Pearl Jam's "Ten" at 30: A raw, dynamic debut that's both sonically and emotionally exquisite

Despite frequent airplay for select songs, "Ten" deserves to be recognized as more than classic rock wallpaper

Published September 4, 2021 11:00AM (EDT)

Pearl Jam band members Dave Abbruzzes, Stone Gossard, Eddie Vedder, Mike McCready,  and Jeff Ament at Pinkpop Festival in Landgraaf, Holland, August 1992. (Gie Knaeps/Getty Images)
Pearl Jam band members Dave Abbruzzes, Stone Gossard, Eddie Vedder, Mike McCready, and Jeff Ament at Pinkpop Festival in Landgraaf, Holland, August 1992. (Gie Knaeps/Getty Images)

When I think of Pearl Jam circa "Ten," many things come to mind. Vocalist Eddie Vedder pulling a Spider-Man during shows and climbing up stage gear from which he'd dangle before somehow getting back down safely via crowd dives or precarious jumps. The arresting Mark Pellington video for "Jeremy," which illustrates the song's lyrics, about a school shooting.

However, a smaller gesture from the band's 1992 MTV "Unplugged" episode looms largest in my mind. As happened during electric Pearl Jam shows, the stinging, punkish "Porch" turned into a raucous jam with a frenzied bridge and forceful vocals. As the band's acoustic guitars fray at the seams, driven by Dave Abbruzzese's kinetic drumming, Vedder takes a marker and scrawls out "PRO-CHOICE!!" in big letters on his arm. The cameras continued to linger on his arm occasionally for the rest of the song, making it clear the message was heard.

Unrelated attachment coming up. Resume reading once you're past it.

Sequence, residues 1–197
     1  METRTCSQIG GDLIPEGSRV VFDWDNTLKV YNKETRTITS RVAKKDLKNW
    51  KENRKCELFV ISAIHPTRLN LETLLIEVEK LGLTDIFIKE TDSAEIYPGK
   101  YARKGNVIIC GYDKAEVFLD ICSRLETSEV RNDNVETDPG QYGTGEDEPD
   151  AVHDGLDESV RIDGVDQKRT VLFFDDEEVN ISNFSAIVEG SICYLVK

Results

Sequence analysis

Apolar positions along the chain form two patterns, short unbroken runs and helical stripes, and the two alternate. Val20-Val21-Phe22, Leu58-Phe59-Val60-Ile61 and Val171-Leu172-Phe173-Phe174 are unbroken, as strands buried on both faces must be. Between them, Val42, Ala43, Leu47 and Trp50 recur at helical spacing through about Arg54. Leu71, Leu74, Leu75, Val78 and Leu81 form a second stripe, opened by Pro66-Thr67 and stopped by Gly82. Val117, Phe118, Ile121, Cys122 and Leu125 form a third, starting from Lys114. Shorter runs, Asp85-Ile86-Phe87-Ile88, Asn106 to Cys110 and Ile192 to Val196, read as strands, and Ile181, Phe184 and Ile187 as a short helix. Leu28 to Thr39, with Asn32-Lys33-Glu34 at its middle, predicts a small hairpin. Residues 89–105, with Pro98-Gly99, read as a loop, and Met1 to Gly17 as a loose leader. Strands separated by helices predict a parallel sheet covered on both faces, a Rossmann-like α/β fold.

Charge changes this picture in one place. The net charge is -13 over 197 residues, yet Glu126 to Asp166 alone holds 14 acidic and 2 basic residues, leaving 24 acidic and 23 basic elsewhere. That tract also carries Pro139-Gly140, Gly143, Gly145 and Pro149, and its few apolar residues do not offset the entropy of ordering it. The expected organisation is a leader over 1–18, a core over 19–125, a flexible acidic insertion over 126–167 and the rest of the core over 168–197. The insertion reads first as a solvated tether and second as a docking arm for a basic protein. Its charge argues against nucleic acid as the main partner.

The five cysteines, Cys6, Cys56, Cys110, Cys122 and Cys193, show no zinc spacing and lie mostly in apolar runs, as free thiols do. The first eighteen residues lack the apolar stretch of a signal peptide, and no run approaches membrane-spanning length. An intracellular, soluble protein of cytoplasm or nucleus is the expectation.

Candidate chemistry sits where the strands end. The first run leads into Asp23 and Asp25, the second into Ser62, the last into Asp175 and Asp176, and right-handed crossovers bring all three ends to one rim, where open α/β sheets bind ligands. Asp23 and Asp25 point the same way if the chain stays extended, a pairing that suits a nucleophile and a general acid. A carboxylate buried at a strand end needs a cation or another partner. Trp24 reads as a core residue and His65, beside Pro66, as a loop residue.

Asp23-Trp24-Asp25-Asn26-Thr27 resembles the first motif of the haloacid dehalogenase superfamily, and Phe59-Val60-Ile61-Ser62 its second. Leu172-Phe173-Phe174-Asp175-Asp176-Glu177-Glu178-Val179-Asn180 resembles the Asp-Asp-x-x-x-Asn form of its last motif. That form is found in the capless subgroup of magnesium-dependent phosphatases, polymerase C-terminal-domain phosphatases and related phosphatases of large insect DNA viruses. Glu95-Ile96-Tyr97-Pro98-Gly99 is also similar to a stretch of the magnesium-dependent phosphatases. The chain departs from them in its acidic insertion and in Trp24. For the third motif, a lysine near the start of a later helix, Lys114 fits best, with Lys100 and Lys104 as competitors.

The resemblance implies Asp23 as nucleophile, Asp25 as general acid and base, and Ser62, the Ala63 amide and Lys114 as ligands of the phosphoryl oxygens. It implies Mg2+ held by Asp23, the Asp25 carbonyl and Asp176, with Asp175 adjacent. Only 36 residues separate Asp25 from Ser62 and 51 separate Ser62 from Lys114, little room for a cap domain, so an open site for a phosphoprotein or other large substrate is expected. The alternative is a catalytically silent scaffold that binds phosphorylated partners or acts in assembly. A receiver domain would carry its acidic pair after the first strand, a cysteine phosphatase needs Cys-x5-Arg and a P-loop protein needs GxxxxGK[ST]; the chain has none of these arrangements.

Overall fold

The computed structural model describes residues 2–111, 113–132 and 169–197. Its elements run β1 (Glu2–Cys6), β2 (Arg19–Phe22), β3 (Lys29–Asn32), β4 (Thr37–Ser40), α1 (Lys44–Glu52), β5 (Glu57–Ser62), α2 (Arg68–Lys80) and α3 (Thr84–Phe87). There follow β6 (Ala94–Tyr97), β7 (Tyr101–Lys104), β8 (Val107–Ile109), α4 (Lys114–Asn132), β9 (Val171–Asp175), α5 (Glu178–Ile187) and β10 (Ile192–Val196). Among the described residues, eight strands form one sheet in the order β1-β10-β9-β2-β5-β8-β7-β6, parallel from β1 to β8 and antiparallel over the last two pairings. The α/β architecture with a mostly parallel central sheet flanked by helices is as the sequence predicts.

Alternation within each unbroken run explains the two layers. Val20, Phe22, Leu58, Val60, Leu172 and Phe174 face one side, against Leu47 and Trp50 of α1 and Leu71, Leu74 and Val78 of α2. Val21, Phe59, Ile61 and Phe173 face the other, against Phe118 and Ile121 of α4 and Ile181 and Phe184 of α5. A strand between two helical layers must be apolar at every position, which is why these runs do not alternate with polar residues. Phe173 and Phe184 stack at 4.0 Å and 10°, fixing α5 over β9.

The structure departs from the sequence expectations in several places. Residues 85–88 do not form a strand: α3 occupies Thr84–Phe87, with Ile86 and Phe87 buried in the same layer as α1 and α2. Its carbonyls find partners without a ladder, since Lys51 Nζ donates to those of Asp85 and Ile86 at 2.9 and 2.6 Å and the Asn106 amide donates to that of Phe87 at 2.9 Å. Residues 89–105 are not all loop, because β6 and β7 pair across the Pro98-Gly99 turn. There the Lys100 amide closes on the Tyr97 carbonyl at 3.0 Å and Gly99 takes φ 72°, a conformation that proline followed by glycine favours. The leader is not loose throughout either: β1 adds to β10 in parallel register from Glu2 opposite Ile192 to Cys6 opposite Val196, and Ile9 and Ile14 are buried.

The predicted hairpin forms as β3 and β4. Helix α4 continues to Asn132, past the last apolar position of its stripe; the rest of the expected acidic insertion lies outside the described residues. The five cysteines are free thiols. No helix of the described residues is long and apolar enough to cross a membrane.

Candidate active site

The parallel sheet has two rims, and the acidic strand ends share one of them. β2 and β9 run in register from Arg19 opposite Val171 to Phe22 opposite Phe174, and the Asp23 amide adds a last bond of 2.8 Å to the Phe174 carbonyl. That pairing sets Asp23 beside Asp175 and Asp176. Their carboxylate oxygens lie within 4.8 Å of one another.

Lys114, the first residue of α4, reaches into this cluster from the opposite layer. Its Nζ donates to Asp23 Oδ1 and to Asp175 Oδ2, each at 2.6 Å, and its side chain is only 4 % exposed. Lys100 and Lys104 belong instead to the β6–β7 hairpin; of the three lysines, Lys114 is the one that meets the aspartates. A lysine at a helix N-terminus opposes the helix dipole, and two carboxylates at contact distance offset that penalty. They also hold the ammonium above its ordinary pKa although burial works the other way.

As a young kid, this moment stuck with me perhaps because it coincided with my own growing awakening to the social and political activism espoused by my favorite bands. In hindsight, however, it feels revolutionary and deeply moving that the figurehead of a major rock band so openly and unabashedly supported this cause. 

Vedder wasn't alone, of course; Nirvana's Kurt Cobain and R.E.M.'s Michael Stipe were also vocal about many social issues at this time. But at this early stage, Pearl Jam leaned heavier than both of those bands, both sonically and emotionally. The quintet's debut album, "Ten," is all raw nerve endings, a collection of songs about navigating grief and mourning changes and endings. At times, these feelings are expressed via frustration; at other times, they manifest as anguish and despair. 

"Ten," of course, is also considered one of the major albums of the grunge era, alongside another 1991 LP, Nirvana's "Nevermind." Pearl Jam had a head start on Nirvana — their album arrived in August 1991, a month before "Nevermind" detonated in stores — but "Ten" took longer to take off: It was certified platinum on May 5, 1992, while "Nevermind" was certified four times platinum on June 12, 1992. Like many musical movements, grunge was always more of a press-driven construction than an organic scene.